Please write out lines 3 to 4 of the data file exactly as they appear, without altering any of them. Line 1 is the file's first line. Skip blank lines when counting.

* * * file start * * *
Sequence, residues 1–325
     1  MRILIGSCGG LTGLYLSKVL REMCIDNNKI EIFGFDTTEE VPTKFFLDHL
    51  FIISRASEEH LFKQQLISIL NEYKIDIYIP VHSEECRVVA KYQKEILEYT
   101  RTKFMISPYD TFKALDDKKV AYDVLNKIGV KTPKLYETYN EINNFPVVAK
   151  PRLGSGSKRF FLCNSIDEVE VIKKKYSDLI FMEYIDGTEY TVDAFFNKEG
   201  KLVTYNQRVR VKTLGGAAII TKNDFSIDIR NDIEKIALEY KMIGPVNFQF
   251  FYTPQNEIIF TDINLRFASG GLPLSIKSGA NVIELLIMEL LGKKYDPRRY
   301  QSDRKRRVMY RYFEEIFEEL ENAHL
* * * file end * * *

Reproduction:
    51  FIISRASEEH LFKQQLISIL NEYKIDIYIP VHSEECRVVA KYQKEILEYT
   101  RTKFMISPYD TFKALDDKKV AYDVLNKIGV KTPKLYETYN EINNFPVVAK